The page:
Showing my support for pro-life conservative men like Rep. Paul Ryan (R-WI)

Rep. Paul Ryan, a rising star in the GOP, has recently come under fire from some pro-life groups and conservative bloggers for recent comments he made that gave some people the impression that he was in agreement with other prominent Republican politicians like Gov. Haley Barbour (MS) and Gov. Mitch Daniels (IN) on calling for a short-term “truce” with social conservatives over social issues like abortion.

The Weekly Standard’s John McCormack debunks the claim that Ryan is willing to put abortion on the back burner in favor of focusing solely on fiscal and economic issues here (via). The link includes a statement from Ryan, issued today to WS:

“Healthy debate should take place within the Republican Party on specific policies, but it is a false choice to ask which natural right we should discard: ‘life, liberty and the pursuit of happiness’ is not a menu of options. All planks – economic liberty and limited government; keeping our nation secure; championing America’s founding truths and the dignity of every human person – are rooted in same timeless principles, enshrined in our Founding and the cause of our exceptionalism. American families are under assault from many quarters, with mounting economic hardships and a crushing burden of government debt foremost on the minds of many. The American family must remain at the core of our free society, and I will remain ever-vigilant in its defense.”

Indeed – and he has been. Ryan wrote a passionate opinion piece back in February on the sanctity of life, which was re-posted on his website today. Here’s an excerpt:

Now, after America has won the last century’s hard-fought struggles against unequal human rights in the forms of totalitarianism abroad and segregation at home, I cannot believe any official or citizen can still defend the notion that an unborn human being has no rights that an older person is bound to respect. I do know that we cannot go on forever feigning agnosticism about who is human. As Thomas Jefferson wrote, “The God who gave us life gave us liberty at the same time.” The freedom to choose is pointless for someone who does not have the freedom to live. So the right of “choice” of one human being cannot trump the right to “life” of another. How long can we sustain our commitment to freedom if we continue to deny the very foundation of freedom—life—for the most vulnerable human beings?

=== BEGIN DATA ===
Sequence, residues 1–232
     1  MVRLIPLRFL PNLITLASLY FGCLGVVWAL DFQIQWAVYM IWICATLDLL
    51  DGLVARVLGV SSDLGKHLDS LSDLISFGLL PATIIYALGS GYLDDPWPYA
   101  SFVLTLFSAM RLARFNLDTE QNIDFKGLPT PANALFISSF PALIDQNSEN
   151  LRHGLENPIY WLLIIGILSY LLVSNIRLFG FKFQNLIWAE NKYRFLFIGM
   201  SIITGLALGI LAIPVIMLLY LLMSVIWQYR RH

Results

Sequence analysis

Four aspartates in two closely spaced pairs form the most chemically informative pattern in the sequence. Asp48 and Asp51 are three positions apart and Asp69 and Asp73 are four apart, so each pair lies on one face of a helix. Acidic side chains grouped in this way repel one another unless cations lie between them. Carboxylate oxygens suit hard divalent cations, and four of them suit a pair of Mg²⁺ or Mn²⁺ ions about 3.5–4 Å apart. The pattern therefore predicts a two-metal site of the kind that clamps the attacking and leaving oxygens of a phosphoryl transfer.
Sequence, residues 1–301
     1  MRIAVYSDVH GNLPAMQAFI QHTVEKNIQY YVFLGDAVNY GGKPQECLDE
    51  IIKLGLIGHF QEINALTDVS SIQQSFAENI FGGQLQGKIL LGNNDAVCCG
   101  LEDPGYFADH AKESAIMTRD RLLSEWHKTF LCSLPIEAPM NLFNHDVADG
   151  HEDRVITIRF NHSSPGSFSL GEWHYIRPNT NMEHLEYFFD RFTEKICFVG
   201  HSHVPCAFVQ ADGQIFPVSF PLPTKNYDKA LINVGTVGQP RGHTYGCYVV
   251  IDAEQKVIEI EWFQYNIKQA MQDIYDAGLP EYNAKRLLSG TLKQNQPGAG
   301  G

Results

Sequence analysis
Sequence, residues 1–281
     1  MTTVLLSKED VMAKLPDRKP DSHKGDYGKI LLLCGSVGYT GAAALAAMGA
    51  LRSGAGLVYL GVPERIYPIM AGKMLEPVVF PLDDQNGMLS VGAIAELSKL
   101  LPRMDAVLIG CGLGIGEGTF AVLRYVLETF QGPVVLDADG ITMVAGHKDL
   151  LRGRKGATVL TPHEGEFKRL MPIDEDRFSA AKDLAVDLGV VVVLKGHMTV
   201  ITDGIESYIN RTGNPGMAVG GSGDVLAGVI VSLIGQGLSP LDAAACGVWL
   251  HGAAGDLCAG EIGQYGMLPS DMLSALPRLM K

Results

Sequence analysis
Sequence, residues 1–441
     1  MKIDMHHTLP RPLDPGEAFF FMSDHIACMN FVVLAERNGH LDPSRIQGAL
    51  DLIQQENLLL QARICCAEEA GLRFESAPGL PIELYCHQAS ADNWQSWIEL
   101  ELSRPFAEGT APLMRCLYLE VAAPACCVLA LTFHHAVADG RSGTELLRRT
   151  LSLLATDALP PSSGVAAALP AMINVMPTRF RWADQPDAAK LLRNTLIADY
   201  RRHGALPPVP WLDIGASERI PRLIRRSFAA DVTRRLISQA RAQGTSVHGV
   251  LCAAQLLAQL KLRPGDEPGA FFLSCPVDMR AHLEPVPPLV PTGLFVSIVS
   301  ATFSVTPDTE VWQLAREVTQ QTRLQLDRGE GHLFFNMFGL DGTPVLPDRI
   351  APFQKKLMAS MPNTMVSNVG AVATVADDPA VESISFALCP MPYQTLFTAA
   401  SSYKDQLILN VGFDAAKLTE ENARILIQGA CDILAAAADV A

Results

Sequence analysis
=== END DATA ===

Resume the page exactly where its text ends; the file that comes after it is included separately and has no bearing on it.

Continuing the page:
At the core, today’s “pro-choice” liberals are deeply pessimistic. They denigrate life and offer fear of the present and the future—fear of too many choices and too many children. Rather than seeing children and human beings as a benefit, the “pro-choice” position implies that they are a burden. Despite the “pro-choice” label, liberals’ stance on this subject actually diminishes choices, lowers goals, and leads us to live with less. That includes reducing the number of human beings who can make choices.

In contrast, pro-life conservatives are natural optimists. On balance, we see human beings as assets, not liabilities. All conservatives should find it easy to agree that government must uphold every person’s right to make choices regarding their lives and that every person’s right to live must be secured before he or she can exercise that right of choice. In the state of nature—the “law of the jungle”—the determination of who “qualifies” as a human being is left to private individuals or chosen groups. In a justly organized community, however, government exists to secure the right to life and the other human rights that follow from that primary right.

Conservatives can bridge the gap on issues of life and choice by building on the solid rock of natural rights, which belong, not just to some, but to all human beings.